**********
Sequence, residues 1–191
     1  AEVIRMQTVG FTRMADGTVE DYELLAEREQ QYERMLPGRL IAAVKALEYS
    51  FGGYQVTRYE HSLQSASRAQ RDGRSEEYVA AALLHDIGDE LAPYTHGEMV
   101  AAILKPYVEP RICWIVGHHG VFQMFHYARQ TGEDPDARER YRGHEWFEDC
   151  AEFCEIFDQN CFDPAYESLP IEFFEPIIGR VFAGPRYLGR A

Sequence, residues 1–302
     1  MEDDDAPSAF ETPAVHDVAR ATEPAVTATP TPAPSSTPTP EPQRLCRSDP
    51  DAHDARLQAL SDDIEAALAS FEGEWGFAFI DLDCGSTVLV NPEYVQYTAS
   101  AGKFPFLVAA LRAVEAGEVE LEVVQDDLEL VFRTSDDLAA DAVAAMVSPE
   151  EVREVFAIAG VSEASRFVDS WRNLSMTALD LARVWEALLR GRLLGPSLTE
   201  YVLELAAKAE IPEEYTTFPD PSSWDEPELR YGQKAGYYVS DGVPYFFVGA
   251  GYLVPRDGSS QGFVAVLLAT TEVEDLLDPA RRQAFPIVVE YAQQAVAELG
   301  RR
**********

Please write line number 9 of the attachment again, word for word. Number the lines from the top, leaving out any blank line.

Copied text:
   101  AGKFPFLVAA LRAVEAGEVE LEVVQDDLEL VFRTSDDLAA DAVAAMVSPE